The Flyers first chance to go against a team in their own division was another early season flop with a familiar beat. Defensive struggles have been a trend across the league for the early part of the season, but nothing like this. On Thursday, in just their seventh game of the season, the Flyers allowed five goals or more for the fourth time, falling to the Columbus Blue Jackets, 6-3.
Defense on this team isn't a problem, it's an epidemic. And it's making for some downright unwatchable hockey.
You probably know the theme, but let's get to the takeaways.
- You Get a Turnover - Call them giveaways, call them takeaways — it doesn't matter. At the end of the night, all turnovers may not be created equal, but they can have the same end result. And it happened a lot to the Flyers.
You would think after a game with as poor defensive play as the home opener against San Jose that this team would find a way to tighten up defensively, getting a full wake-up call that they were essentially forcing their goalie to bail them out. It can't keep happening like this.
What Columbus did in this game was essentially wait for the turnover. They certainly forced a few with good forechecking, but really, if you're patient, the Flyers will find a way to turn the puck over.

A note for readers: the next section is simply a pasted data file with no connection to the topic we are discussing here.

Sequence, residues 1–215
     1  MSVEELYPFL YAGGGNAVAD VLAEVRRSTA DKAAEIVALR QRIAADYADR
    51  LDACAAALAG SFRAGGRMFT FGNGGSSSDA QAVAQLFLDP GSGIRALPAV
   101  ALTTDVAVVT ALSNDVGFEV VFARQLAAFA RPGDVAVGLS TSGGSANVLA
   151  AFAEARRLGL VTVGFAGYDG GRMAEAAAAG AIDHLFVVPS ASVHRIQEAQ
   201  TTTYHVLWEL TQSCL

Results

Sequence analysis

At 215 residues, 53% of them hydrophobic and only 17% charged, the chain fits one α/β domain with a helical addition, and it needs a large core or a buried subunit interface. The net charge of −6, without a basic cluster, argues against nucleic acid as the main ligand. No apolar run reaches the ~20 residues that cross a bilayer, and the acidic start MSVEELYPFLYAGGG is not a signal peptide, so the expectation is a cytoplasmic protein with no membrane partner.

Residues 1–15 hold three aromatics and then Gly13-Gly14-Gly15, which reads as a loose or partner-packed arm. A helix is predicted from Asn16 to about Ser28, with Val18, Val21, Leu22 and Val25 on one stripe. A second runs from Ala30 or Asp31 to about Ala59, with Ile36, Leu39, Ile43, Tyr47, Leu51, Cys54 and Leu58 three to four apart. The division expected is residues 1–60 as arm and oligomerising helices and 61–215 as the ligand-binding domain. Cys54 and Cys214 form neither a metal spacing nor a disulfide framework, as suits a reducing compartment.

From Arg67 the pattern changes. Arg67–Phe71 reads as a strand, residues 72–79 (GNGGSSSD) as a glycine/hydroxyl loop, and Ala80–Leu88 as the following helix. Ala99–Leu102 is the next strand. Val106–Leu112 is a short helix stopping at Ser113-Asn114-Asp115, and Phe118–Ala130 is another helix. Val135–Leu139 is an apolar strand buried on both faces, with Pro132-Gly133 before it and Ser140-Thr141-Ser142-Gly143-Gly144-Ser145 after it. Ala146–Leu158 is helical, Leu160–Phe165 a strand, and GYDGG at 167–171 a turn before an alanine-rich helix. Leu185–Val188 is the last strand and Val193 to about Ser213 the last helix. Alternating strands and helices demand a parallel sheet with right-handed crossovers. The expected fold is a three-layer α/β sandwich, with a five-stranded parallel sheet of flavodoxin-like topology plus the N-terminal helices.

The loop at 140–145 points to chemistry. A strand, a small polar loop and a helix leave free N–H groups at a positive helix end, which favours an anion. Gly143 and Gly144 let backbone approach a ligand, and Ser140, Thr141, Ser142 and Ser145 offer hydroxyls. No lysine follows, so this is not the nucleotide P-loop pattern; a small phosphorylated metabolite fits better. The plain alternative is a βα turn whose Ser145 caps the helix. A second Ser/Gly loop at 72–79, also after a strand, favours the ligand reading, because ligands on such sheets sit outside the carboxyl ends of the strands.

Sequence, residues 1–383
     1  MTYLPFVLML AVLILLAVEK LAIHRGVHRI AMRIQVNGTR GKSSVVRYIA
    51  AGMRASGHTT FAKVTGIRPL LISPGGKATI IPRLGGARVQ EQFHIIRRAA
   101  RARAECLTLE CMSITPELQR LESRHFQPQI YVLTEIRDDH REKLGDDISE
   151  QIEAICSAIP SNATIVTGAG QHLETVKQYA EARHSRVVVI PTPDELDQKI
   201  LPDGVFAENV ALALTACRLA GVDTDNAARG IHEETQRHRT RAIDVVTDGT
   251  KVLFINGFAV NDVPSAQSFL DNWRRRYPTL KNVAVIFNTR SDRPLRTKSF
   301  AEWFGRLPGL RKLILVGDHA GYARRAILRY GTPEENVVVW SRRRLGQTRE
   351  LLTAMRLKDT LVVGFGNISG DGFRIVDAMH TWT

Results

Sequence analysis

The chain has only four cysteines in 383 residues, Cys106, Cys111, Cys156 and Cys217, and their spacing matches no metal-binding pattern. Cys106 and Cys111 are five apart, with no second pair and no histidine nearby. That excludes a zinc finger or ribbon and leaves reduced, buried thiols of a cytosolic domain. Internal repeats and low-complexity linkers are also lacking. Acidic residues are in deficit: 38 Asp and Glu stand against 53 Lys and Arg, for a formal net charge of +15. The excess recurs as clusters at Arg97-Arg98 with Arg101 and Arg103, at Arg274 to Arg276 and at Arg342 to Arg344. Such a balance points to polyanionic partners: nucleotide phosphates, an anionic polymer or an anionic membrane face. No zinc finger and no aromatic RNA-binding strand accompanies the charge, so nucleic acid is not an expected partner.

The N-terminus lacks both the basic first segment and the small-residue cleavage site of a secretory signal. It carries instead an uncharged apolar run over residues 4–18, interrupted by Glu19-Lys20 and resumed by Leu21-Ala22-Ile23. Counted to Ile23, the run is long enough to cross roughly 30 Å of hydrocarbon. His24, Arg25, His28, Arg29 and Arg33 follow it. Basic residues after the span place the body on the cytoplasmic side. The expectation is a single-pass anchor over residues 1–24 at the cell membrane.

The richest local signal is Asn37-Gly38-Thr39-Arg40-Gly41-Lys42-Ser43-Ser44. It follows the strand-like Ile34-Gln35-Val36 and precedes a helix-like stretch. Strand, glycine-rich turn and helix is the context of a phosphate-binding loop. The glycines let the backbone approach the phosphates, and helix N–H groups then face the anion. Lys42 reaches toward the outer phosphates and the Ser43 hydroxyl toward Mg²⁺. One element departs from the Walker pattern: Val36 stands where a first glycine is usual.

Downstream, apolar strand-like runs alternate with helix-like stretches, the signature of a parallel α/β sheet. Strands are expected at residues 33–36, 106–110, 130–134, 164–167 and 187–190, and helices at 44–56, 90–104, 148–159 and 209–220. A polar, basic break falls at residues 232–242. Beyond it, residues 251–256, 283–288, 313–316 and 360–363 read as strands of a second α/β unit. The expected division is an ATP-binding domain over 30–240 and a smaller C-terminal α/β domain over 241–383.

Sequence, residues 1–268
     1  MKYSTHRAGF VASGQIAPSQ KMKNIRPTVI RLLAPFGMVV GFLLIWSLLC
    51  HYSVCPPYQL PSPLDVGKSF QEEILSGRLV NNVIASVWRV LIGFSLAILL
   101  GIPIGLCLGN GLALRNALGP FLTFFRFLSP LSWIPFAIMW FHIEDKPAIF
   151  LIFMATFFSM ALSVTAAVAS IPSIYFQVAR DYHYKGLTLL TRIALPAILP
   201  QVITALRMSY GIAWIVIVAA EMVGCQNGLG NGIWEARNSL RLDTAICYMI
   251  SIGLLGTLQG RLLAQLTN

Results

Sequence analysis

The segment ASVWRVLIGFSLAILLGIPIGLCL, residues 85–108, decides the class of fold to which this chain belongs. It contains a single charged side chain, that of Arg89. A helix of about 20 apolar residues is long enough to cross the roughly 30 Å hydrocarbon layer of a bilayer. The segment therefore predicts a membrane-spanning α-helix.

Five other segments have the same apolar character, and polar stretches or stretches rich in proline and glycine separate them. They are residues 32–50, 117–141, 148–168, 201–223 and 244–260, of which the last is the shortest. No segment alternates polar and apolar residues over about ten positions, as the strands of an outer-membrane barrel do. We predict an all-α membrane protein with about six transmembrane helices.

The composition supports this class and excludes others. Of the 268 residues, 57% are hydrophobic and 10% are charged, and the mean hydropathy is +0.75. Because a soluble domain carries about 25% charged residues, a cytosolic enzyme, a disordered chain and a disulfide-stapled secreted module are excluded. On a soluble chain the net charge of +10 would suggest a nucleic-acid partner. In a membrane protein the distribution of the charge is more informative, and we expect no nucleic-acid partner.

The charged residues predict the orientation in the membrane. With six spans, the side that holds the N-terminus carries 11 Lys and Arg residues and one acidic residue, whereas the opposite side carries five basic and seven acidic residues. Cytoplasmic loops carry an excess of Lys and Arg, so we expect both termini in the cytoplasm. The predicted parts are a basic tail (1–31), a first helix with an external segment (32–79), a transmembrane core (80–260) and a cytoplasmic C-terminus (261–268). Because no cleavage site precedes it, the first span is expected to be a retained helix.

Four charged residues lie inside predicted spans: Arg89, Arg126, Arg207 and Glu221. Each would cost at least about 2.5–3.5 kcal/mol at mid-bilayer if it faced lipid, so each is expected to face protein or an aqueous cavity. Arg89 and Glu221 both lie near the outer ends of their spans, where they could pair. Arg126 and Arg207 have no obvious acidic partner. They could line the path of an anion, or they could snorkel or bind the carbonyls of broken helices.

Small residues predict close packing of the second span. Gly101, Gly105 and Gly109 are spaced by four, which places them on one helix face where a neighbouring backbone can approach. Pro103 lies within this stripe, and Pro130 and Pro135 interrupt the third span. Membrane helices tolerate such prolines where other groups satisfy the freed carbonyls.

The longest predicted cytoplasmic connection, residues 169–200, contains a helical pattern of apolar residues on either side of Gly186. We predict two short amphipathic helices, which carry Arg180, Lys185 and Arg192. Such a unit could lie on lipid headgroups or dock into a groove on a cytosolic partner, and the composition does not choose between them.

The big problem is that this is coming from all sources. These aren't rookie mistakes. Claude Giroux tried a backhanded pass that sent Columbus in transition for a goal. Michael Raffl lost the puck on the wall and that turned into the first goal of the game for the Blue Jackets. Jake Voracek was pickpocketed on the final goal of the game. These are veterans that need to be better in all phases.
For a change, this was a game where even the best offensive effort against an all-world goalie like Sergei Bobrovsky wouldn't save the Flyers. There were too many mistakes and if it's not cleaned up fast, this will be the team's identity.
- Provorov's Struggles Continue - Ivan Provorov's rookie season was a dismal one for the Flyers as a team. They really could never establish themselves as a playoff team and ultimately fell short despite being mathematically alive until the final week of the season. Provorov was a bright spot that year as an impressive rookie.
His second season, Provorov increased his level of play, instantly vaulting into No. 1 status on the team. The kid was a stud and played like it.
The start to Provorov's third season has been filled with struggles and each game it becomes more noticeable. It's hard to tell if he's fighting something physically or if this is mental and a confidence issue. Whatever the problem is, the Flyers need Provorov to come around and get back to his usual self, because when the top pairing isn't on point, the rest are certainly not going to save the team.
- Holey Cal – If Cal Pickard was the shootout hero on Tuesday, he was one of the many goats on Thursday. For all of the things that went wrong on Columbus' first goal, the most identifiable one was that Anthony Duclair's shot from one knee essentially went right through the wickets of Pickard when a stop should have been made.